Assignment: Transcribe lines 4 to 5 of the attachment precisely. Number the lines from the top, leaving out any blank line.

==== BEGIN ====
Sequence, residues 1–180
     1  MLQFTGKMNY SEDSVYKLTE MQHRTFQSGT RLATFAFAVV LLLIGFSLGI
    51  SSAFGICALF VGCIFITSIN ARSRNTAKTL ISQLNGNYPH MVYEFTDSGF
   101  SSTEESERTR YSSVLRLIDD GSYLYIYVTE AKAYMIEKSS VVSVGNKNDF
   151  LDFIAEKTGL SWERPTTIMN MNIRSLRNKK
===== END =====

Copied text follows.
   101  SSTEESERTR YSSVLRLIDD GSYLYIYVTE AKAYMIEKSS VVSVGNKNDF
   151  LDFIAEKTGL SWERPTTIMN MNIRSLRNKK